It’s true what we tell our kids about working two or three times as hard to get half as far. I busted my ass, and loved it, to get *here* and one of the fruits of my labor is moving a little easier in white spaces.

Hope came along right as I was finishing my doctorate, and as helpful as being Dr. ABM at work has been these last few years, the real benefit of having $70K in educational debt comes when I step across the threshold off Hope’s school.  Hope’s first summer here, she got into trouble at her summer camp and they were planning to kick her out. I met with the camp director who immediately started berating me. I held my hand up, insisted that we start over with proper introductions because I’m not going out like that—“Let’s start over. Hi, I’m Dr. ABM and you are?” By the time it was over he was apologizing profusely, Hope was allowed to stay in camp and got a promotion to junior camp counselor and I didn’t have to pay for the rest of the summer. Maybe it was the Dr, maybe not, but I know everything changed when I introduced myself as Dr. ABM. That was a moment when my privilege was extended to Hope.

I’ve found that my educational privilege has played out in numerous ways shielding Hope and I from a lot of drama. It was a lot easier for me to be *that* parent with the Dr in front of my name. The conversations always change when meeting participants who initially see me as some kind of stereotype black mother progress to seeing me as an educated professional mom. It’s always clear when some kind of back story for me and Hope is challenged and somehow the acceptable version of us is welcomed …my education somehow makes us safe, different and sadly, respectable.

This is the reality of racism, and it’s so utterly apparent to me since I finished my degree. It’s nearly stunning. In my 45 years, 8 with a president who looks like me, I’ve never been as afraid for myself or my kid’s future. I dreamed of what having kids would be like. I worried a lot about countless things, but these last few years, my fear of racially motivated harm has escalated sharply. I feel like there’s a part of me that’s always unsettled and looking to avoid the inevitable hurt that racism brings.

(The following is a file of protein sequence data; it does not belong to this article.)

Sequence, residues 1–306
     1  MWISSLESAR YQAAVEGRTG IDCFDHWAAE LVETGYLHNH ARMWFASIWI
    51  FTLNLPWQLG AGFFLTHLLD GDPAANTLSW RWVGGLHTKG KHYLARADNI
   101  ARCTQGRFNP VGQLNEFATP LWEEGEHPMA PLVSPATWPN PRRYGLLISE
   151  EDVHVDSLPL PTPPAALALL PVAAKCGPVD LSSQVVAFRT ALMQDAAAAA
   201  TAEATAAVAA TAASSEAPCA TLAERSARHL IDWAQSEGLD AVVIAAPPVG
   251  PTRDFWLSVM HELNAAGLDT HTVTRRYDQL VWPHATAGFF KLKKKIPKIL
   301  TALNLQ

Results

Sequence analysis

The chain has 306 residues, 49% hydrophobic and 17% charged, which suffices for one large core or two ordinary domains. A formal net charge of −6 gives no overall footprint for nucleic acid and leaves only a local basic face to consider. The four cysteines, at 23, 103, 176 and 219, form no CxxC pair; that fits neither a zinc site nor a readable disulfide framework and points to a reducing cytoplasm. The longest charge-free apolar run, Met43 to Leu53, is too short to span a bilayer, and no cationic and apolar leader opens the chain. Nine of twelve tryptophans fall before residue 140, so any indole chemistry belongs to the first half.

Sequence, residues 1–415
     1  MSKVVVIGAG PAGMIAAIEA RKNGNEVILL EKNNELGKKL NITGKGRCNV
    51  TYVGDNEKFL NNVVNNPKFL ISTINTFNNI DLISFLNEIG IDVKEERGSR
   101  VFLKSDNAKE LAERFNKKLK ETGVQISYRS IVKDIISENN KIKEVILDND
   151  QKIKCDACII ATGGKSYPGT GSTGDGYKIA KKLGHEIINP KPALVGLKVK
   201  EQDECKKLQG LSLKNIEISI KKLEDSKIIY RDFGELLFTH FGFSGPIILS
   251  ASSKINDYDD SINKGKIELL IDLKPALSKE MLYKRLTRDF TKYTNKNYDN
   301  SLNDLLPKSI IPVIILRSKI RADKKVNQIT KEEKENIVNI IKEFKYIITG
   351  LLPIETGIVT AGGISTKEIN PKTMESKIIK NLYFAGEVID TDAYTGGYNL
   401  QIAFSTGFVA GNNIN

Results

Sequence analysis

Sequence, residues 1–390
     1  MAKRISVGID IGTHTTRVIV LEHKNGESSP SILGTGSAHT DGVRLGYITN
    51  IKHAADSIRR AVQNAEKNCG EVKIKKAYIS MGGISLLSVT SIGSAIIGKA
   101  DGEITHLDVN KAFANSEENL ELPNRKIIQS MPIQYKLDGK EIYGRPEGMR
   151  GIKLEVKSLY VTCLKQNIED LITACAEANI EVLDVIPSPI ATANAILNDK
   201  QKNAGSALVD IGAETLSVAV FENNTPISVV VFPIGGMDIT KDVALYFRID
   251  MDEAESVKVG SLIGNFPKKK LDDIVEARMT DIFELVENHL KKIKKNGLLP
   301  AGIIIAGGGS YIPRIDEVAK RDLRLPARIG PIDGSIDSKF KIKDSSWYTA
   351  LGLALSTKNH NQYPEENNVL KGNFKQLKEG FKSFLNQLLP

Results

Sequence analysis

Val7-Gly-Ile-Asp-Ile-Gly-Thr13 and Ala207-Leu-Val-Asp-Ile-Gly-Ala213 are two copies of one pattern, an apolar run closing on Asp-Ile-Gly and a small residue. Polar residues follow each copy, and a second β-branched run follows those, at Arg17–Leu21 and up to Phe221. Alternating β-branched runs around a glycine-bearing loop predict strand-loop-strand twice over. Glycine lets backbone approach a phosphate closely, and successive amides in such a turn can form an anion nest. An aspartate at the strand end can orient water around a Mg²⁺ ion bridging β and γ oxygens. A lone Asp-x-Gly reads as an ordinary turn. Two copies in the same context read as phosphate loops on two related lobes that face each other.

So, when I wrestle with my emotions around Hope’s academic experiences it’s largely motivated by fear, not by any expectations of Hope in particular.  I am terrified that she won’t have this little buffer of safety that I feel like education can provide (even when it doesn’t, really). What happens when Hope isn’t covered by what little privilege I have amassed to buffer us from some of racism’s ugliness? I already worry about her various vulnerabilities. It’s not just that I want her to do well for the sake of doing well, I just worry myself sick that someone will read her wrong and she will end up in trouble or worse…dead. I don’t know if doing well on her SAT will protect her from being harmed, but my sense is that not trying will certainly not offer any protection.

I’ve started to see school as an avenue for self-protection.

So, when well-meaning, kind of shared experience having white parents urge me to let it go, to not worry about school, to let Hope handle it all and fail on her own…it’s not that I disagree, but I feel like there’s a huge part of the story of my worry that is completely unheard or not even considered.

Their stories are considered universal—everyone can and should relate because well, I’ll be frank, white is normative. Their kids fail and it’s heartbreaking. It is, but it’s not failing in a system that already doesn’t give two shits about you.

My worries about school are very different; this is about Hope’s survival in a racist world. This is about amassing elements of protection that can provide small buffers of the worst of a life routinely disrupted by racism. This is about being considered safe enough to be granted entrée into white spaces where more opportunities and resources await. This is about liberation and freedom.

The stakes feel so much higher and not just because I’m an absurd high achiever, but because I’m scared shitless. So, I don’t think I’ll ever be able to completely let the school thing go.

And Hope is starting to understand this. It isn’t really just about her performance; it’s about the long game. I know she struggles with her interpretation of my academic push; I also know that somewhere in there she wants to do well. I’m also keenly aware that there’s an additional layer of pressure on her because of what I’ve achieved. People see me and wonder why Hope isn’t doing better; they often assume she’s rebelling.

My desires for Hope are expansive, but honestly I just want to keep her safe. Education is one avenue to help do that. I don’t know how it will all work out. I have no idea.

I do know that being educated and working in academia doesn’t always offer the protection I wish it did. Even in my job, I feel it. I had hate mail too; I’ve had students say nasty things about me and to me. I’ve had professors say I was a “troublemaker.”

And yet, I still think it’s one of the best options we’ve got.

So, this is why I fixate on Hope and school. This is why it’s so important to me. This is why I can’t just let it go.


Thoughts on Charlottesville